On June 23, 2009, counsel for the plaintiff sent a six-page letter to TTU
President Dr. Robert Bell, Dean Boucher, and Police Chief Gay Shepherd, outlining
the legal reasons why plaintiff believed his First Amendment rights had been
violated. (Docket No. 2-21.) On July 22, 2009, an Associate General Counsel with
the Tennessee Board of Regents sent a responsive letter to plaintiff’s counsel.
(Docket No. 2-22.) The letter stated in part:
As you appear to be aware, TTU may impose reasonable time, place
and manner restrictions pertaining to the property under its control.
TTU may restrict access to its property and facilities in a manner
consistent with its pedagogical mission in order to prevent
interruption of or interference with normal missions, processes and
functions of the institution. To that end, TTU has in place a policy
and process which it consistently applies in a viewpoint-neutral
manner allowing affiliated and non-affiliated groups, organizations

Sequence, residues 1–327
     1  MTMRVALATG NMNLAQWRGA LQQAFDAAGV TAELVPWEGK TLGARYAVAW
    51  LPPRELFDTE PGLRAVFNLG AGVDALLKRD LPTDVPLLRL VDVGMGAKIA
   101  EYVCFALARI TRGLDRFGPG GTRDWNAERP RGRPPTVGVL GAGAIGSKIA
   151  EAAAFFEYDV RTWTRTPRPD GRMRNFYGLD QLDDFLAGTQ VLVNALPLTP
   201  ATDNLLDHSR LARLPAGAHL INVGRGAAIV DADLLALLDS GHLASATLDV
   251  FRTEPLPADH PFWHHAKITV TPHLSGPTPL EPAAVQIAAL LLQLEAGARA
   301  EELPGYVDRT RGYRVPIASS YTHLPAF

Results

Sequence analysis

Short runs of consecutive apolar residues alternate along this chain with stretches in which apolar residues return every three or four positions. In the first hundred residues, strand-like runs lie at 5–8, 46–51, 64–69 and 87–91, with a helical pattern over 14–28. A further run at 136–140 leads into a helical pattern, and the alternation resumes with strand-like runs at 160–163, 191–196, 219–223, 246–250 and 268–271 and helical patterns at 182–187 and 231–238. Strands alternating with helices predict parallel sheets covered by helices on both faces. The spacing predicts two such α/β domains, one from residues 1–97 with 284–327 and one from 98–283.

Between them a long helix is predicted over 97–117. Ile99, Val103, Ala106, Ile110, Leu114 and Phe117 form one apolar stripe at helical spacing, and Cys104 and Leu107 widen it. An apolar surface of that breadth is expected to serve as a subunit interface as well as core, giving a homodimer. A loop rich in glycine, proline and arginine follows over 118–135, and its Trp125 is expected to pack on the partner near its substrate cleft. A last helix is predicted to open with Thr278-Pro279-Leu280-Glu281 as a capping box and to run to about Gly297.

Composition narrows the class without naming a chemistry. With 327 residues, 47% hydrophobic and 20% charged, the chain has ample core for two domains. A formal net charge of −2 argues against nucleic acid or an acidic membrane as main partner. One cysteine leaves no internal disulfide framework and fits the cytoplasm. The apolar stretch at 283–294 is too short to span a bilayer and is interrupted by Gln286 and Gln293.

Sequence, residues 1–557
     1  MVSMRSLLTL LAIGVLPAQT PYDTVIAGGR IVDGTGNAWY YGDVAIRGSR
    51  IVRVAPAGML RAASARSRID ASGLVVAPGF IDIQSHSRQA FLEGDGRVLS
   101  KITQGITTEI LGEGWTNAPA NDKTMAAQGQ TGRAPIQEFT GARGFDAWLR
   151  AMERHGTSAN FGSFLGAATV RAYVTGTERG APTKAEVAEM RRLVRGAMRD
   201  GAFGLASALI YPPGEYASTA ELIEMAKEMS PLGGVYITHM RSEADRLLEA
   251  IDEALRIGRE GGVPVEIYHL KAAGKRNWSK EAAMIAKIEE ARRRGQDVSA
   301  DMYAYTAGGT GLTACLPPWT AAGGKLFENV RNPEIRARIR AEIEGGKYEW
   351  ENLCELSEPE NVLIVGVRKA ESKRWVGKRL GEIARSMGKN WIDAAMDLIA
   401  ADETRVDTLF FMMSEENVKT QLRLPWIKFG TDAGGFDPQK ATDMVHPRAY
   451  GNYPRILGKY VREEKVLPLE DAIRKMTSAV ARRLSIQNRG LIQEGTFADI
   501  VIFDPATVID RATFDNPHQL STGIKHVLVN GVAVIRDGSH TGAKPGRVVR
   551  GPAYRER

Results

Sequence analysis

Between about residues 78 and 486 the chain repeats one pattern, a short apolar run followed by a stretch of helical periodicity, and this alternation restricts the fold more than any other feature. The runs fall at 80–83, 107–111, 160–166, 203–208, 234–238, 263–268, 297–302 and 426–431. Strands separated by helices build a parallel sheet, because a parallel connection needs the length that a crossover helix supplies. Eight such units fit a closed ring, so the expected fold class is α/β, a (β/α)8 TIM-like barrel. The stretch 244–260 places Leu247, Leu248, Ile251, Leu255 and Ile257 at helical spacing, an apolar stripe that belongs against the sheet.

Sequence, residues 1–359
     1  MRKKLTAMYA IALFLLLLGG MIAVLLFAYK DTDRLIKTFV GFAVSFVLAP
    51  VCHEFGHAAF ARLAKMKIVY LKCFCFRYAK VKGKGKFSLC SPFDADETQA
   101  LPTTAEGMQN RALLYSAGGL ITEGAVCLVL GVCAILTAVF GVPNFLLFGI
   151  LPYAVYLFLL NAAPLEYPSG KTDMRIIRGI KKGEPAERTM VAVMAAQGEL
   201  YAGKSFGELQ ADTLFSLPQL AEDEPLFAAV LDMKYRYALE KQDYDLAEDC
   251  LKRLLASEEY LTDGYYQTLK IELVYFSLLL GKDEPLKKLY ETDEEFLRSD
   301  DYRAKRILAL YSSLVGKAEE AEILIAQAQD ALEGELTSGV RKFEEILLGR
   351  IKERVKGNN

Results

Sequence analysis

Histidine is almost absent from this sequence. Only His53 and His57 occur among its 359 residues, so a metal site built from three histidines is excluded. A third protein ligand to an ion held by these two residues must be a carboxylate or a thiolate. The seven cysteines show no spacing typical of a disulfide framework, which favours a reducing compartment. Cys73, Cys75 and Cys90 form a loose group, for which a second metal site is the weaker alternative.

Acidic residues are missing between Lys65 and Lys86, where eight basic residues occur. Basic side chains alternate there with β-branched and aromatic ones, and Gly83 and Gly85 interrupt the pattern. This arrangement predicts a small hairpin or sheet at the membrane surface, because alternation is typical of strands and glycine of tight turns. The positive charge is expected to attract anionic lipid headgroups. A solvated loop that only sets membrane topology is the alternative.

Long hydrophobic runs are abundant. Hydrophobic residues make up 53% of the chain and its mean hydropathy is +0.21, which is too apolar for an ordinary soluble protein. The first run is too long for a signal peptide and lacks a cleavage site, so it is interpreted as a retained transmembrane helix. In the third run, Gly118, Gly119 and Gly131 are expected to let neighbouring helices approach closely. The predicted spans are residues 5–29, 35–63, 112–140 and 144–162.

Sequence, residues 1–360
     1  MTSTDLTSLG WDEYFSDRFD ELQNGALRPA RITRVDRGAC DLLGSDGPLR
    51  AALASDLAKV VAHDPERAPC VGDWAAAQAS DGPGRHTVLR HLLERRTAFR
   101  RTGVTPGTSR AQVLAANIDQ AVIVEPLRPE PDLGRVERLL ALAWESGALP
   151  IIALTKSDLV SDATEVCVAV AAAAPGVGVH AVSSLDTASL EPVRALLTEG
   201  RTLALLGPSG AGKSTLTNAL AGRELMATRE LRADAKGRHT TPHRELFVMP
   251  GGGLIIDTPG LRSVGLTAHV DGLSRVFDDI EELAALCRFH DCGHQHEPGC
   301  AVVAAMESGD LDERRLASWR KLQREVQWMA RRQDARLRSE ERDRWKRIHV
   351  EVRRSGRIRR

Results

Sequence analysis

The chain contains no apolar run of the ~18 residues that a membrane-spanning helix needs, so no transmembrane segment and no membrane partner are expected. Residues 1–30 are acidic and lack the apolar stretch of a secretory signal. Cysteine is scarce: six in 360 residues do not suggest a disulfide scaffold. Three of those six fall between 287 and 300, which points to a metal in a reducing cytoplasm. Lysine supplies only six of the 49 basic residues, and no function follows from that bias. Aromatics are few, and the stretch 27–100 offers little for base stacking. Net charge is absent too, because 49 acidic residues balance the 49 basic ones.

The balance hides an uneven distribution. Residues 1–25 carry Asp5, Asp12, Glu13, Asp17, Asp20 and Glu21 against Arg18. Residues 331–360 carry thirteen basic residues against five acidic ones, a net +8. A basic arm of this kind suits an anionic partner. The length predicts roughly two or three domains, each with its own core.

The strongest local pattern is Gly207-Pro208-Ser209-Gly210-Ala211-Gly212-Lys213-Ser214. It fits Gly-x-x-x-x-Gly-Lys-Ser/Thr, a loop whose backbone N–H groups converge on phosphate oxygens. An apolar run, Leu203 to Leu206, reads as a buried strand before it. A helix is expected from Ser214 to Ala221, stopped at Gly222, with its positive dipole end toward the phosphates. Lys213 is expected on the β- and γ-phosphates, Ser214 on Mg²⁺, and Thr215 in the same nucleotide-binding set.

and individuals the ability to request use of campus property and
facilities. Courts have consistently held as constitutional, policies and
practices similar to those in place at TTU. TTU welcomes freedom
of expression and speech on its campus. If Mr. McGlone wishes to
utilize the TTU campus to share his religious beliefs with students
and staff, and to distribute literature, he must first follow the
appropriate procedure and fill out an application not later than 14
days prior to the date of his requested use. Should he fail to do so, he
will be denied access to the campus.